The first day of the 2012 MLB draft had a definite high school feel to it with 35 prep prospects getting drafted on Monday, highlighted by Puerto Rican shortstop Carlos Correa going No. 1 overall to Houston and Appling County (Baxley, Ga.) outfielder Byron Buxton following at No. 2 to Minnesota.
But while the first day of the draft was filled with plenty of star power, the last two days featured plenty of intriguing high school storylines. Here were the best of the bunch.
Can I Graduate?
Providence (Charlotte, N.C.) senior right-hander Ty Buttrey created quite a stir when his family revealed he wouldn’t be able to walk with his graduating class. The mix-up occurred when Buttrey, a fourth-round pick of the Boston Red Sox and the No. 25 player in the ESPN 100, skipped graduation rehearsal to negotiate a deal with an MLB team because no cell phones were permitted at the rehearsal.
Apparently, though, it was all a miscommunication, as Buttrey was ultimately allowed by his high school principal to walk with his class, according to WBTV News in Charlotte.
Winston, who’s rated the nation’s No. 1 quarterback in the ESPN 150, signed with Florida State is expected to play both football and baseball there. He’s rated the nation’s No. 71 baseball player in the ESPN 100.
Alford, the nation’s No. 95 football recruit in the ESPN 150 and No. 29 baseball prospect in the ESPN 100, signed with Southern Mississippi.
Winston, an outfielder and right-handed pitcher, was drafted in the 15th round by Texas, while Alford was selected in the third round by Toronto.
The Rangers told ESPN Dallas they were hopeful Winston would choose to play for them in the offseason once Florida State’s football season was over, like Russell Wilson did at NC State and Kyle Parker did at Clemson.
Meanwhile, Grant (Sacramento, Calif.) senior Shaq Thompson, a Washington football recruit rated the nation’s No. 3 safety in the ESPN 150, was drafted in the 18th round by the Boston Red Sox. What’s intriguing about that is Thompson didn’t even play baseball his junior year and played sparingly as a sophomore. But Thompson told The Sacramento Bee he plans on signing with the Red Sox, though he’ll still honor his commitment to the Huskies.
Where’s Kyle Carter?
Columbus (Ga.) senior outfielder/left-handed pitcher Kyle Carter enjoyed a phenomenal 2012 campaign, hitting 14 homers and going 12-2 on the bump with a 0.98 ERA and 116 strikeouts in 86 innings to help the Blue Devils to their third straight state title and 12th overall. Columbus is No. 2 in the POWERADE FAB 50.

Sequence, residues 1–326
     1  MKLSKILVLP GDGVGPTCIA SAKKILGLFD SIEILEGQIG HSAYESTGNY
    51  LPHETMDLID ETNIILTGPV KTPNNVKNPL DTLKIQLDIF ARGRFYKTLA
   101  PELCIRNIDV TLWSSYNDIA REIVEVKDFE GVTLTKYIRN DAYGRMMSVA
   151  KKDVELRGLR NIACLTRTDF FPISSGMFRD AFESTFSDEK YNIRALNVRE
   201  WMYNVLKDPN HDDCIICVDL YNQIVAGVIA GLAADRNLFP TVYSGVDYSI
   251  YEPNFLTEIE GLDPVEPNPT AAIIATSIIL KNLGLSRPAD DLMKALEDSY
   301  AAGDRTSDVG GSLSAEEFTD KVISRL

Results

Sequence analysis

With a season like that, the Georgia recruit figured he’d go in the first few rounds. But after 40 rounds, he didn’t get drafted at all.
Carter told the Ledger-Enquirer that after he wasn’t drafted in the second round, he told teams he was heading to Georgia.
Another player who fell for what is believed to be signability issues is Camarillo (Calif.) left-hander Hunter Virant, who lasted until the 11th round, when he was selected by Houston. Virant is a UCLA commitment.
When asked about UCLA or the Astros, Virant told the Ventura County Star, "The Astros still need to put together some money, so you never know. Right now the only sure thing is UCLA. But it's a win-win no matter what happens with those options."
Injuries and Arm Trouble
A few top prospects fell in the draft due to injury issues, most notably Bishop Amat (La Puente, Calif.) infielder Rio Ruiz. Once considered a potential first-round pick, Ruiz had a blood clot removed from his clavicle this spring and missed most of his senior season. A USC commit, Ruiz was selected in the fourth round by Houston.
While we're on the topic of arms, the three pitchers we featured last week in our article on high pitch counts — Emerson Gibbs of Jesuit (New Orleans), Mitch Sewald of Archbishop Rummel (Metairie, La.) and Willie Nastasi of Barnstable (Mass.) — weren't drafted at all. Gibbs and Sewald combined to throw 347 pitches in a game this April, while Nastasi tossed 155 pitches of his own in one start.
No word whether those high pitch counts scared off teams, but they couldn't have helped.
No Pressure, Kid
There are a lot of expectations heaped on sons of big leaguers. Now imagine you got drafted by the team your dad starred for.
That's what Ryan Ripken is facing. The Gilman (Baltimore) first baseman and South Carolina recruit was drafted in the 20th round by the Baltimore Orioles, the same squad his dad, Cal Jr., delivered a Hall of Fame career for. Ryan hit .377 and was 4-1 as a pitcher this year for Gilman.
Meanwhile, Tate Matheny, the son of St. Louis manager Mike Matheny, was drafted by the Cardinals in the 23rd round. The senior center fielder and Missouri State recruit hit .610 with 11 homers, 51 RBIs and 25 stolen bases this season for Westminster Christian (Town & Country, Mo.), leading the team to a second straight state title.